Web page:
In his last film, Green Bookdirector Peter Farrelly hoped to see racism solved with a road trip. The movie went on to win several Oscars, including a best picture, despite a storm of controversy and negative sentiment enshrouding it. For his follow-up film, The Greatest Beer Run Ever (in limited theaters and on AppleTV+ September 30), Farrelly heads back into the political sphere, but with a more universally acceptable premise: war is bad.
That is, essentially, the lesson learned by the hero of the film, Chickie Donohue (Zac Efron), a real-life mook from Inwood in northern Manhattan, who, 1968, traveled in Vietnam on a merchant marine ship to bring his enlisted buddies some beer. In the film, Donohue and his local cohort are staunchly pro-America, and will not brook any criticism of the war effort nor the politicians who, we now know (and many knew then), lied their way into a bloody, murderous catastrophe. Donohue refuses to accept that American leadership could ever do something so evil, which means he has a pretty rosy idea of what his friends are going through on the battlefield.
Hence his rash journey to the front lines, where an amiable what-could-go-wrong attitude gradually hardens into a realization that nothing about this campaign is noble. We’ve seen this framing before, but usually it’s a gung-ho soldier who has the harshest of awakenings about what he once thought would be a righteous adventure. It’s a bit different when viewed through the perspective of this goofy, if surprisingly resourceful, civilian. Chickie is, perhaps, a better reflection of a national consciousness as it slowly turned against the war, as all of its annihilation seemed to yield no results but senseless loss. There’s a poignancy in that, lightly as Farrelly may approach the film.
The Greatest Beer Run Ever is an odd title for this story—“greatest” could be read as grimly ironic, but it more likely represents a lingering affection for Chickie’s dangerous odyssey. A movie that is, consciously or not, about the blitheness with which Americans conceptualize faraway wars—especially those in countries populated by people who aren’t white—nonetheless struts around with a ring-a-ding smirk. There’s a clash of tones in The Greatest Beer Run Evera battle between its desired mood and the implications of its message.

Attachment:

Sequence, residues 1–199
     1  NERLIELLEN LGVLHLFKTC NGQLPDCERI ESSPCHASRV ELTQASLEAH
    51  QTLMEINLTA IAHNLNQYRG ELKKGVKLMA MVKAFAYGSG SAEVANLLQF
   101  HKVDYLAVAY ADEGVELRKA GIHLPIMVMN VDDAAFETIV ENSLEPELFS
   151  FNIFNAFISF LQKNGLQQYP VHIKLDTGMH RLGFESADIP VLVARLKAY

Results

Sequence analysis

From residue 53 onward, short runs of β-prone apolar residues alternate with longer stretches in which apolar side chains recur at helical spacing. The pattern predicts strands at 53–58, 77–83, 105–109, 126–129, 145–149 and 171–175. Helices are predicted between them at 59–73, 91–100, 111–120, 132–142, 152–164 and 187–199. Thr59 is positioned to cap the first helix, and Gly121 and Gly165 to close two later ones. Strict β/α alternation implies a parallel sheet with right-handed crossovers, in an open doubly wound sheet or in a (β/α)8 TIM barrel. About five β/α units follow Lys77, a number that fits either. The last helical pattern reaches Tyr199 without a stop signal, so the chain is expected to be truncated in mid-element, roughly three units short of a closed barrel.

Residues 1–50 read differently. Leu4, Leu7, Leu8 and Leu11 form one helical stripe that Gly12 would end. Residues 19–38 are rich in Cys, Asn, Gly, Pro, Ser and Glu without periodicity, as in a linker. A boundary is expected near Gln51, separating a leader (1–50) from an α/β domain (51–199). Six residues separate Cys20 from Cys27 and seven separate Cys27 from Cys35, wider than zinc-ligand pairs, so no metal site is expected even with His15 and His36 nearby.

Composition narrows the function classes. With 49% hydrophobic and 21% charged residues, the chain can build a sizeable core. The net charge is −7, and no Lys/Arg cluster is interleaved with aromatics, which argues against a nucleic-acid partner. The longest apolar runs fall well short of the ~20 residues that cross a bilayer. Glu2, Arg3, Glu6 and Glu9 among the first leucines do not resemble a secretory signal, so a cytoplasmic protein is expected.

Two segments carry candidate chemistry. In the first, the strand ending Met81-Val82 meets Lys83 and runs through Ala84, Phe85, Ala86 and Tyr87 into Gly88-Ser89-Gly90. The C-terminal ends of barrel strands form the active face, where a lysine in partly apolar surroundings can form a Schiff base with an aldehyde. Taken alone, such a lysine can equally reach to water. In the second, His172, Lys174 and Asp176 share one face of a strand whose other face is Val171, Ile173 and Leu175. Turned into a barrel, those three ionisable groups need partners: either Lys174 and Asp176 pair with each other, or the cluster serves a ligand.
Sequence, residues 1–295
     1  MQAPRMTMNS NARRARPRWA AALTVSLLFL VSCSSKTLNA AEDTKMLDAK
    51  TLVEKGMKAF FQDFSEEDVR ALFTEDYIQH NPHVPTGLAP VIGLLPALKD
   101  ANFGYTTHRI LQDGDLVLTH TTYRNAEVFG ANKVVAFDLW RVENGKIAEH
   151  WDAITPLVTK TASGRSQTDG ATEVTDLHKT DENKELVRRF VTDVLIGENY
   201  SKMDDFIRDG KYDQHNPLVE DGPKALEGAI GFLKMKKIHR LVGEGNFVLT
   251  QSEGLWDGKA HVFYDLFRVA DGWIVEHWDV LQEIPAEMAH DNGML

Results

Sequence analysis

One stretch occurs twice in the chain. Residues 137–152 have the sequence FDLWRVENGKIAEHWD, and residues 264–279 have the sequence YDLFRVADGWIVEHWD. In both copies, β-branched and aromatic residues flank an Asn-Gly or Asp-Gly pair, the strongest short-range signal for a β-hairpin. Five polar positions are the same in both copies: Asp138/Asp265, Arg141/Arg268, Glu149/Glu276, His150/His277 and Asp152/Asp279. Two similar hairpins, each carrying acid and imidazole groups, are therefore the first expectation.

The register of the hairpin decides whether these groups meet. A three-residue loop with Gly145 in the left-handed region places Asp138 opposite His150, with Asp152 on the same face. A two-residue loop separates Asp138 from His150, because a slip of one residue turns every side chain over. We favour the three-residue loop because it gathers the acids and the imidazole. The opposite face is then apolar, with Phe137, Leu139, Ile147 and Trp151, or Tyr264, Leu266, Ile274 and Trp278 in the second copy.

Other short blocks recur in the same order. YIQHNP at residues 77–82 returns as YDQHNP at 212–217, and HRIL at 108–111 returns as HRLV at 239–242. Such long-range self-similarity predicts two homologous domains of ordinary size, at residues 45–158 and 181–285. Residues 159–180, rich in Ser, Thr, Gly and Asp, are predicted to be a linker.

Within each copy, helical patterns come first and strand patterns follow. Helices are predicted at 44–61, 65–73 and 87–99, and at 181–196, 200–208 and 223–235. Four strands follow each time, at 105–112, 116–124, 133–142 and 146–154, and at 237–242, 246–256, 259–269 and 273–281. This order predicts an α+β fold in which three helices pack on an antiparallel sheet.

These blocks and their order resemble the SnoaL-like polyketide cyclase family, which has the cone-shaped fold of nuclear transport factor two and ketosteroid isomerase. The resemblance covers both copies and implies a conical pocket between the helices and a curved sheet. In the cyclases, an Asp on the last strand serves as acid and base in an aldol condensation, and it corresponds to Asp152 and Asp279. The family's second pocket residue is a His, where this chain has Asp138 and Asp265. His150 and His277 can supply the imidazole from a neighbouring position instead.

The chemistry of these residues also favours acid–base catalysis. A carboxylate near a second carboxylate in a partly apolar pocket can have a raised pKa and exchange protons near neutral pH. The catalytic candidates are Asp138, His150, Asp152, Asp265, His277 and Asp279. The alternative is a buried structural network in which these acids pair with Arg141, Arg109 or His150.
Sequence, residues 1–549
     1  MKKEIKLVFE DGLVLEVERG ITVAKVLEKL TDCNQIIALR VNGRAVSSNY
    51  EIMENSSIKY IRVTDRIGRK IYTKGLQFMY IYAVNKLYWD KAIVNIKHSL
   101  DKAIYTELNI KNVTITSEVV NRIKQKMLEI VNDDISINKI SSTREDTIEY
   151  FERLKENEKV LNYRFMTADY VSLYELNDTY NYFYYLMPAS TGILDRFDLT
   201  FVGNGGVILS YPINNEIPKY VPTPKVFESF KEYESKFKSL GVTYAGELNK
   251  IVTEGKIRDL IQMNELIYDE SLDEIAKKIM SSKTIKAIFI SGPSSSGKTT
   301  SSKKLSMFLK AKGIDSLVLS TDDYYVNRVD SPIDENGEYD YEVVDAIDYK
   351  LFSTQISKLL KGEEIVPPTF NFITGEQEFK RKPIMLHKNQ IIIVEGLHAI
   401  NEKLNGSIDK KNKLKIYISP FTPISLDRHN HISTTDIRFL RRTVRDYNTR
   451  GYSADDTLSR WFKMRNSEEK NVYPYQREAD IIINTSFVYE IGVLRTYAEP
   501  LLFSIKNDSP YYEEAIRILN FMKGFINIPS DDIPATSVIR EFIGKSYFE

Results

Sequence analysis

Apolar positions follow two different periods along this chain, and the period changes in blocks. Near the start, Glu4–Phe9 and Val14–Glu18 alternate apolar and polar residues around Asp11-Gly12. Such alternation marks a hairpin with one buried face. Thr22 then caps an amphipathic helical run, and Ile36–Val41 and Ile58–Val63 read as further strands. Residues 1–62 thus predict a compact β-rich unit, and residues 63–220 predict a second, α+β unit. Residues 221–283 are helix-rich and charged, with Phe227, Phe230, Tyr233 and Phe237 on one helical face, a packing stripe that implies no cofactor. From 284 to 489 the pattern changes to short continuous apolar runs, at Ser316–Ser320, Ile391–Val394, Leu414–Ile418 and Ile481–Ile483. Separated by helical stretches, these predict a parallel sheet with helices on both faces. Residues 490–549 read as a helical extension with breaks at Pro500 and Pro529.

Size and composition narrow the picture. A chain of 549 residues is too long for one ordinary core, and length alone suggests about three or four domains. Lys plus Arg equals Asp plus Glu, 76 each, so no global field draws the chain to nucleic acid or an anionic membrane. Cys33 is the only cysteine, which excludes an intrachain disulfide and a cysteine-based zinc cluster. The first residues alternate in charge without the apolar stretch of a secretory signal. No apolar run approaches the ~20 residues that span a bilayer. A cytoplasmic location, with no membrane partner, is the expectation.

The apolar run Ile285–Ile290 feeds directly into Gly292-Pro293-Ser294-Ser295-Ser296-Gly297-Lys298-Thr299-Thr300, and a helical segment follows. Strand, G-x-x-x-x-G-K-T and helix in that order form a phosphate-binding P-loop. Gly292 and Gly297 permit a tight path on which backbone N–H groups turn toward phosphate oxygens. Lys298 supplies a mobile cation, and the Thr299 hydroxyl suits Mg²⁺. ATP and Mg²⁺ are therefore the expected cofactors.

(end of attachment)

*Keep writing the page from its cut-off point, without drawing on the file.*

And yet, the film is perhaps woefully entertaining, a jaunty episodic ramble through a horror that keeps the scariest and most gruesome facts outside the frame. That’s a dodge, certainly, and puts the film in the company of other work that prizes good feelings over historical and social responsibility. But there are other films about the Vietnam War that come closer to a proper framing, so I suppose we can let this weird true story slide. Or, at least, I could.
Any willingness to give The Greatest Beer Run Ever a pass might largely be credited to Efron, who has evolved from a teen heartthrob into an intriguing, decidedly grownup actor. He still has some of that apple-pie Disney charisma, but it’s now shaded by a hard-won maturity. There’s a haunted quality in his eyes that has proven useful in fare as varied as the raucous comedy neighbors and Extremely Wicked, Shockingly Evil and Vilea movie about Ted Bundy that was pretty bad except for Efron’s darkly beguiling turn in the lead role.
in The Greatest Beer Run Ever, Efron effectively balances Chickie’s affable, ne’er-do-well charm and his stubborn, sometimes angry insistence that everything is as it should be. He’s quintessentially American in that way, willfully blinkered and quick to lash out at—or, at least, dismiss—anyone who questions the rigidity of his worldview. Chickie’s arc in the movie could, in some perverse way considering all the death surrounding him, be viewed as a coming of age, a dawning comprehension that the world is bigger and more complicated and oftentimes crueler than his limited outlook ele has allowed. Efron builds to that epiphany of sorts in subtle shifts, his sunny mien dimming with each revelation.
Chickie is joined for a team by a hardened war journalist, Arthur (Russell Crowe), who gives Chickie a solemn crash course in the realities of war and government coverups. As the Tet Offensive begins, Chickie and Arthur dash through Saigon, dodging bullets and explosions, trying to find safety. Well, Arthur is also trying to get the story, snapping photographs of bodies and buildings that have been laid to waste.
At the end of their ordeal, safe haven found in the wreckage of an American military base, Chickie assumes that Arthur will want to return to America with him. But Arthur firmly reminds Chickie that he is in Vietnam for a purpose, and that a dire matter such as this can’t just be fled and forgotten. Chickie has no such mission—all the beer has been delivered—and so he goes home, weary and prickly with new understanding. Who knows how long he maintained, or if he soon slipped back into the easy jingoism of comfortable living. Farrelly shows us the formative experience, but only a little of its consequences. Perhaps too much consideration of that would make the whole thing seem something less than great.